I'm sure that like many other people, I wish that I could save them all. I see the pictures of the stray and abandoned dogs online and I wish I had the means to start a refuge, like the elephant sanctuary in Hohenwald, where all dogs run free and happy. Only, that's not the way it works. I don't need to remind you of the fate of unadopted shelter dogs, only that they are as deserving of love and a decent life as any pet acquired through a breeder. Since we domesticated these animals, they are entirely dependent on caring people for their well-being. Your dog is waiting for you, but that means responsibility as well. You just can't teach kindness. You either have it or you don't. But these adoptable dogs out at the Animal Shelter could melt anyone's heart. They speak to you with their eyes and their expressions, and any fool could see their need for simple affection. I defy you to visit the shelter and not be moved. Even an apartment dweller knows where the dog parks are, and a shelter dog knows when its been rescued. It's obvious by the many photos of "happy endings" posted by the shelter staff when a dog has been adopted. Check it out, the dogs are smiling. Any love offered a shelter dog will be returned tenfold, as we are now happily experiencing with our new pet. It will be even more joyous when Nancy removes her teeth from my arm. She needs some training, and soon, because this puppyhood is a bitch.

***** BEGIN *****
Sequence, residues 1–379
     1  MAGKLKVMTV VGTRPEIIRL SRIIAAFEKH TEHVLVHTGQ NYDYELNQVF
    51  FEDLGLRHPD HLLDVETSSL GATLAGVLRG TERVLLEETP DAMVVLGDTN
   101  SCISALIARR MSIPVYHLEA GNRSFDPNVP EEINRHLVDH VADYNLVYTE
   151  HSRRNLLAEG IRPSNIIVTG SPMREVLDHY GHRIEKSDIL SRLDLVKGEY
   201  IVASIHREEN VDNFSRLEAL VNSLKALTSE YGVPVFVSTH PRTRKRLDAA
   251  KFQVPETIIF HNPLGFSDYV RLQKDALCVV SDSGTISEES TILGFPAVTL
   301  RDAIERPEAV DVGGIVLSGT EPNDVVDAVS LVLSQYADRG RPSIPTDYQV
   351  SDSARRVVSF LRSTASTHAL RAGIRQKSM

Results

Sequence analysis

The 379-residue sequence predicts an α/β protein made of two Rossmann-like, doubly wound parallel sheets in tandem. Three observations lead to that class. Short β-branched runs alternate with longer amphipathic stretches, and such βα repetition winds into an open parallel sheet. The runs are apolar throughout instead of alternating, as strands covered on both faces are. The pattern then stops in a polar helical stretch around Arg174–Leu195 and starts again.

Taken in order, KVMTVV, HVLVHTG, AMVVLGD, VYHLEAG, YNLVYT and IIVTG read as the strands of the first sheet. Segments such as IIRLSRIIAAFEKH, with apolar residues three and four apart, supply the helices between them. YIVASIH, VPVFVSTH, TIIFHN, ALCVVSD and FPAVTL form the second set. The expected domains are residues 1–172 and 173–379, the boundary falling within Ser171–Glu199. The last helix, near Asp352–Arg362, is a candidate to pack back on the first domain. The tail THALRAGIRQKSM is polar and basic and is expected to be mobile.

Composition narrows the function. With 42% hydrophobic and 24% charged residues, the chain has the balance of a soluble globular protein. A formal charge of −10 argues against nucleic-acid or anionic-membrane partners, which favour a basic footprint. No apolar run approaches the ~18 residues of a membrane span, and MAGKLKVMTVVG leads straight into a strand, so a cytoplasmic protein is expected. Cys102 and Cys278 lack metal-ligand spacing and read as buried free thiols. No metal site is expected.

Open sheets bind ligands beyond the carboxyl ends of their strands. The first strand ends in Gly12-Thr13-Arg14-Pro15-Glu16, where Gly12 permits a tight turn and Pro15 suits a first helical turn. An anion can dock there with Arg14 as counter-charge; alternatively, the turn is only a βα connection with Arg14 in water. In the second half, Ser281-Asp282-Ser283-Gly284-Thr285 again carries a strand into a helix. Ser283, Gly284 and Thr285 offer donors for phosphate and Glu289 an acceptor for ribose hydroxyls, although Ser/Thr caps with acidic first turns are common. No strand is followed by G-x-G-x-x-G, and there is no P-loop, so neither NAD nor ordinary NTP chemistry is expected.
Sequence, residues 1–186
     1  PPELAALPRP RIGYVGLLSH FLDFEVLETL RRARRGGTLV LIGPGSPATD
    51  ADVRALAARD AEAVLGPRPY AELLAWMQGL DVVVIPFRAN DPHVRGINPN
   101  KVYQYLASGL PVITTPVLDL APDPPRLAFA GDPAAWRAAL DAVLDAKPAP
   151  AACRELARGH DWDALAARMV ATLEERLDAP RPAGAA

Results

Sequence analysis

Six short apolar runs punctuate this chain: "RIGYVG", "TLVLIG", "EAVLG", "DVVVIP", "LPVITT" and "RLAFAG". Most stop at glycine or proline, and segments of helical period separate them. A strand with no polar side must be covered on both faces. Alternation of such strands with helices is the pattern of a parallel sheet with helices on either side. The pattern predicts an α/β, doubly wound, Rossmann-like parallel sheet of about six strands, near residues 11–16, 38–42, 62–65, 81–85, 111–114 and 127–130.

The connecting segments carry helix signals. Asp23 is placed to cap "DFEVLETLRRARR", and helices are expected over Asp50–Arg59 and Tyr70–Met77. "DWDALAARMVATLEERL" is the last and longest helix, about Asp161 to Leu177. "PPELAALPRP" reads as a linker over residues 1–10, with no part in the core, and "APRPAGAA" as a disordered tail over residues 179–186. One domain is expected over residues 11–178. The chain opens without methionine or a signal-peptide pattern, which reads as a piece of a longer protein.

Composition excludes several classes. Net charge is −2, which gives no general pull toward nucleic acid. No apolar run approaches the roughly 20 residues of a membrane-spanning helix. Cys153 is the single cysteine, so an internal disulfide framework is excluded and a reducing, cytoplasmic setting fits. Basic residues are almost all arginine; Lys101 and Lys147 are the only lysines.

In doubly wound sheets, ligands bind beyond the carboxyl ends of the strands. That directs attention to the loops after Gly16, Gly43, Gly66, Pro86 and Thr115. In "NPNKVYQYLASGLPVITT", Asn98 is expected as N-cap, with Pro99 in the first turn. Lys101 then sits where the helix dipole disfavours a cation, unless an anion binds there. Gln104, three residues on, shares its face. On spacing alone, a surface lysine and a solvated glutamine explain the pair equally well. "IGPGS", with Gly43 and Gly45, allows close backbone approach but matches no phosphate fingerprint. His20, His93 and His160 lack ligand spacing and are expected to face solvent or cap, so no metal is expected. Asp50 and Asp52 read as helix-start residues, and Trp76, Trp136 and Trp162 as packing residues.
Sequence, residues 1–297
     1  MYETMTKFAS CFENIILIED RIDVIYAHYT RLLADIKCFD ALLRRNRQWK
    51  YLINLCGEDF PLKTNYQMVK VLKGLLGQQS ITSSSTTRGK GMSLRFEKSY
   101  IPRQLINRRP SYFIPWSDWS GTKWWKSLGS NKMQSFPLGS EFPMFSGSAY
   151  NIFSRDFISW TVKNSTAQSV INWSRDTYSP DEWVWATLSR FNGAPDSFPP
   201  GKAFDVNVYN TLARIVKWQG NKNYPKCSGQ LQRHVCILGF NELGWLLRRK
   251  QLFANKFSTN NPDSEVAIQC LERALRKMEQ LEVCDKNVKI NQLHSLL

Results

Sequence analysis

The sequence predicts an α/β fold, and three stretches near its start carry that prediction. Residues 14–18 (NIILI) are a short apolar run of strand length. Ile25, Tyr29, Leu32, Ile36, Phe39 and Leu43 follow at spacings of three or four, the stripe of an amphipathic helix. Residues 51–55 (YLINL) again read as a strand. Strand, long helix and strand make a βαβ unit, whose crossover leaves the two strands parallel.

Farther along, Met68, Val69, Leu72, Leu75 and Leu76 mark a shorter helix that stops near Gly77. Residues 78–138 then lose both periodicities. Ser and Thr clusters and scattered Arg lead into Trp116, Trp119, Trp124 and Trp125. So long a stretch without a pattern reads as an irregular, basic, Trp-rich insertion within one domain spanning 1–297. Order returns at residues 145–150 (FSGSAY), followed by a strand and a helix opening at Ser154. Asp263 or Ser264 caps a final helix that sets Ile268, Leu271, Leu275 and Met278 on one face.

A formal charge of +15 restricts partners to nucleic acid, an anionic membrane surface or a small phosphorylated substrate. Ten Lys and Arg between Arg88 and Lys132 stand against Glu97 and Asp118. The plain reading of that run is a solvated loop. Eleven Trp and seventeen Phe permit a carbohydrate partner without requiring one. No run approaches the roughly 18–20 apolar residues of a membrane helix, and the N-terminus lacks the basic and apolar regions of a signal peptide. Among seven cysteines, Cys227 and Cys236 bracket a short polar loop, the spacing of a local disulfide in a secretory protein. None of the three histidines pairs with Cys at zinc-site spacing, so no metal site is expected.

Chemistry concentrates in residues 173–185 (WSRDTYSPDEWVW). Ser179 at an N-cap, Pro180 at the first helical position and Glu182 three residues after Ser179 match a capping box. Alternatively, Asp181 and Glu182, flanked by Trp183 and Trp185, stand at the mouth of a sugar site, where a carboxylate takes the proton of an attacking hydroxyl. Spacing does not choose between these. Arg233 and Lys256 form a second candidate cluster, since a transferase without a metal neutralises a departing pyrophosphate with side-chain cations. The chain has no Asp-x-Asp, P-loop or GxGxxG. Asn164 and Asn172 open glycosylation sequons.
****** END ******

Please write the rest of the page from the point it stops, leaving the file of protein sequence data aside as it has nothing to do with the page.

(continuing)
Alan Copeland said...

Puppies have teething problems like human babies do. Here's a site that might help:

Good Luck,

Cary Wolfson said...

We have been a foster home for cats off and on since early summer. The first four were batches of kittens, all adorable. The last was a 15-lb. orange tabby, built like a linebacker. You forget what these little critters grow into.